"Sanctions, however, seem to have some effect as Russia have lost in excess of 20 points in the European and international rankings."
While that may be so, I would be frankly astonished if the country of Dostoevsky and Gagarin does not in future start to rise back up the standings.
There is little mystery about the chief weapon Moscow uses to retain its influence in what one might surmise as difficult circumstances.
It is money - even though the country does have a tradition of able sports administrators who well comprehend how to navigate the obscure committee systems which usually line the winding roads to power and influence.
If you doubt this, just consider the examples of the three current Russian Summer Olympic IF Presidents.
As I revealed on insidethegames last year, Alisher Usmanov at that time appeared to be on course to gift the International Fencing Federation (FIE) an eye-opening CHF80 million (£65.5 million/$89 million/€73 million) or so over about three Olympic cycles.
One of the very first things Vladimir Lisin pledged after his election as President of the International Shooting Sport Federation in 2018 was to use $10 million (£7.3 million/€8.1 million) of his own money to establish a potentially game-changing development fund for the sport.
With AIBA, a particularly problem-plagued IF, newly-published financial statements suggest that Russian money is coming in via event fees.
In the year to end-June 2020, the biggest source of revenue - at CHF5.5 million (£4.6 million/$6.1 million/€5 million) - was "sport events".
The events in question are not stipulated, but the 2019 men's and women's World Championships must be the prime suspects and both were held in Russia, in Yekaterinburg and Ulan-Ude respectively.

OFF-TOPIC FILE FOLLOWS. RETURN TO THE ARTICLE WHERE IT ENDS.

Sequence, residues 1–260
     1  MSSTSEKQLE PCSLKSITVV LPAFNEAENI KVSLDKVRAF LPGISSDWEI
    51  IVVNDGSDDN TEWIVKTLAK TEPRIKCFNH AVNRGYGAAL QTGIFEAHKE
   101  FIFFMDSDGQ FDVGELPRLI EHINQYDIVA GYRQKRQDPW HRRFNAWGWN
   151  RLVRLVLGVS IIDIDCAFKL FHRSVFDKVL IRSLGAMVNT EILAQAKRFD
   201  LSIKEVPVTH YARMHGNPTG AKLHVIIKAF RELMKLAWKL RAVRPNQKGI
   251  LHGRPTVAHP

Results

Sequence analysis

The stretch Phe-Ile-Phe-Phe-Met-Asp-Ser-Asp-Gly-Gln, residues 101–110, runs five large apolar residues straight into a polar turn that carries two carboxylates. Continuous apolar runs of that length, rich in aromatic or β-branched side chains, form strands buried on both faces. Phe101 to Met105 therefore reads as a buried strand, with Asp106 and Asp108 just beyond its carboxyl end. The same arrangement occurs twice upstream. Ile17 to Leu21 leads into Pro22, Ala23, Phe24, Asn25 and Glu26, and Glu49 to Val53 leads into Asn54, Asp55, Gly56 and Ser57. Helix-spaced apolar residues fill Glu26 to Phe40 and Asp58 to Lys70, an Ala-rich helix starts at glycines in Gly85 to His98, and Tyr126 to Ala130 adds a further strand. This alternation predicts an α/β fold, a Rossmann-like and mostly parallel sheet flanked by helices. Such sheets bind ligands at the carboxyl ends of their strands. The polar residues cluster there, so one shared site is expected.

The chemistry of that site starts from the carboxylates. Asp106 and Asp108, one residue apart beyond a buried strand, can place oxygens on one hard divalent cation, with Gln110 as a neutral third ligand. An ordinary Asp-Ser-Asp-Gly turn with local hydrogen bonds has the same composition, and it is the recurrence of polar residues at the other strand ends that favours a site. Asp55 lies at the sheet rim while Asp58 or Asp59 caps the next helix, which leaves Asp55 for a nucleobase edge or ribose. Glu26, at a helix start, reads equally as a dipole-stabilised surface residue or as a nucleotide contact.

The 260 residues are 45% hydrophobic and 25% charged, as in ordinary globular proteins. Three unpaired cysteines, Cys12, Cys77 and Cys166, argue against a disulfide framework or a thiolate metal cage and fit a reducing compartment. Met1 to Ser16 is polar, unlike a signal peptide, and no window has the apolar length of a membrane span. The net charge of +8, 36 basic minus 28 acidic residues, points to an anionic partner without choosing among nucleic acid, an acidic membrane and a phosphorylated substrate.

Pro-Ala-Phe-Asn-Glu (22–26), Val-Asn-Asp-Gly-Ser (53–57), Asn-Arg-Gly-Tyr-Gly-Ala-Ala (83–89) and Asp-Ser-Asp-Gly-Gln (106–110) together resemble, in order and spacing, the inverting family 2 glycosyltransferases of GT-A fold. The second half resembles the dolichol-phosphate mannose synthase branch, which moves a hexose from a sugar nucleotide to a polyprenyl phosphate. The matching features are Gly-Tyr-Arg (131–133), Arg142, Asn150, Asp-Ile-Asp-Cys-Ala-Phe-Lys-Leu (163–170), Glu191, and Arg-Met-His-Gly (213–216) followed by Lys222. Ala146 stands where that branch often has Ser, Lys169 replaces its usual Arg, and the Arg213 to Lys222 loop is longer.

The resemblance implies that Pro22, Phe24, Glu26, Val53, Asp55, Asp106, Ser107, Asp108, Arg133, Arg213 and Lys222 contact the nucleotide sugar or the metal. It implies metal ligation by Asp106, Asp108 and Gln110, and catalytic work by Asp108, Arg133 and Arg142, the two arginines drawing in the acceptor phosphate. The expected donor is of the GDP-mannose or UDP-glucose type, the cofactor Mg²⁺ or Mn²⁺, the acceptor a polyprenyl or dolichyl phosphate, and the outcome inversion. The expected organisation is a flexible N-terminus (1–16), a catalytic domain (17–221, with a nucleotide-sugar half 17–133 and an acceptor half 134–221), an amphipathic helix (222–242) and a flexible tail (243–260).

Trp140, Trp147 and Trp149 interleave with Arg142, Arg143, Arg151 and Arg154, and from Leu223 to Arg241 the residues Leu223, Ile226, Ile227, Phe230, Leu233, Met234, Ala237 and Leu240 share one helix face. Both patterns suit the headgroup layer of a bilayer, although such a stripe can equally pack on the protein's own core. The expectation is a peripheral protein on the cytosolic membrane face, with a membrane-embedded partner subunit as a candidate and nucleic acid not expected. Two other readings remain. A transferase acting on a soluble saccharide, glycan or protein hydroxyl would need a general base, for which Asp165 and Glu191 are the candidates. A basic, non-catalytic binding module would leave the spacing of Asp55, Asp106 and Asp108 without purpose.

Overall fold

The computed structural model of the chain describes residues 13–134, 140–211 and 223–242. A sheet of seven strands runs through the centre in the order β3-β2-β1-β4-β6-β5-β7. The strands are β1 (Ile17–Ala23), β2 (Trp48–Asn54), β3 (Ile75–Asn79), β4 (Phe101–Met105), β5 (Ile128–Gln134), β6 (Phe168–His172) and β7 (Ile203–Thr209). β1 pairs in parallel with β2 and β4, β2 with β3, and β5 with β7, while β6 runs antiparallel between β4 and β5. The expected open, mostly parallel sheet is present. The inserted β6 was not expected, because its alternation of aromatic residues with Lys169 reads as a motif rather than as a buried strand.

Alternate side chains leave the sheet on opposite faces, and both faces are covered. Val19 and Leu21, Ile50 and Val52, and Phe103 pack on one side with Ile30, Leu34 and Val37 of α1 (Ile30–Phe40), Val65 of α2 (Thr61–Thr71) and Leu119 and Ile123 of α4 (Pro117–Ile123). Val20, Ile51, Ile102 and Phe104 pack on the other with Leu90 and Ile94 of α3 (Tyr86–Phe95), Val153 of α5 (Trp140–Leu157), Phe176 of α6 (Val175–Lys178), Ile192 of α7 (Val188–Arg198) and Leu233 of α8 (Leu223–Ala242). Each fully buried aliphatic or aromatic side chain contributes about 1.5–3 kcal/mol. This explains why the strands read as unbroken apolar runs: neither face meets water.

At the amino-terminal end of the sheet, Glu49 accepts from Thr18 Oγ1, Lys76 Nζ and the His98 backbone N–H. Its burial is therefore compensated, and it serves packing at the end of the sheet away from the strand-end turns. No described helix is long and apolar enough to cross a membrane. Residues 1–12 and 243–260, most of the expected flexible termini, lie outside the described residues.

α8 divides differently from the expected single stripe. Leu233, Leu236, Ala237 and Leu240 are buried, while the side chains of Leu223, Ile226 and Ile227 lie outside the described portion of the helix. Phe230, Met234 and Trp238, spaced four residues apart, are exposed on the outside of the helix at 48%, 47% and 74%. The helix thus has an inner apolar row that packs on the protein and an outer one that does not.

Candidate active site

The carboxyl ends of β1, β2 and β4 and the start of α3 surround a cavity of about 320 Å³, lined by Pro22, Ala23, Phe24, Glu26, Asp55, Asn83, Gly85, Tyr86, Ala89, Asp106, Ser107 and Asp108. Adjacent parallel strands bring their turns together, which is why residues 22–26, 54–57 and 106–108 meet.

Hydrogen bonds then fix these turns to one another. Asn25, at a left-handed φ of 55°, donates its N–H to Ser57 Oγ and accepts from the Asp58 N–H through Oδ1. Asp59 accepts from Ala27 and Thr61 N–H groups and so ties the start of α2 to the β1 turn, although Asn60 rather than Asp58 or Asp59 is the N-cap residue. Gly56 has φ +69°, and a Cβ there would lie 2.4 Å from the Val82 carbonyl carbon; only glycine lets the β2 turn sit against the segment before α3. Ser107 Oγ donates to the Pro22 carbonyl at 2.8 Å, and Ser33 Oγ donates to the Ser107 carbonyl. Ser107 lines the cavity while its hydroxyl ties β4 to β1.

An event fee, totalling CHF5 million (£4.15 million/$5.55 million/€4.55 million), for the Global Boxing Cup is also referenced.
According to Kremlev's election manifesto, this Cup is also set to take place in Russia in 2021.
"This is a new format of boxing competitions that will be held throughout a rather extended period (about two months) in 15 Russian cities," he wrote.
"The novelty of this event, firstly, lies in the fact that it will be based on a play-off competition system with direct knockouts.
"Secondly and most importantly, there will be up to 48 teams from all the continents."
Event fees seem to have become an increasingly important source of revenue for a number of IFs in recent years.
I can certainly see the appeal of getting substantial, often upfront, payments, but I must admit the general phenomenon - and I am not singling out AIBA here - makes me uneasy.
Much better, in my opinion, to have low fees, plenty of bidders (hopefully), maximising the prospect of outstanding venues - and skin in the game, in the form of a revenue-share with the organising city/country.
If you attempt to extract elevated hosting fees, my hunch is you may end up with fewer bidders and, often, hosts with ulterior motives.
In this and many other respects, sport needs leaders prepared to take the long view.